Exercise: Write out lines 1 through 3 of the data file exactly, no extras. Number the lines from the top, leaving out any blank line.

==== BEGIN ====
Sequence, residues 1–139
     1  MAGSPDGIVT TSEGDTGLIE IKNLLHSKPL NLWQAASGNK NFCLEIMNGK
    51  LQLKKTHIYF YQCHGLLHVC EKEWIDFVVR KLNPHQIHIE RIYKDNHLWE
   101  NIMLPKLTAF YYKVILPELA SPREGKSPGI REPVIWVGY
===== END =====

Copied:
Sequence, residues 1–139
     1  MAGSPDGIVT TSEGDTGLIE IKNLLHSKPL NLWQAASGNK NFCLEIMNGK
    51  LQLKKTHIYF YQCHGLLHVC EKEWIDFVVR KLNPHQIHIE RIYKDNHLWE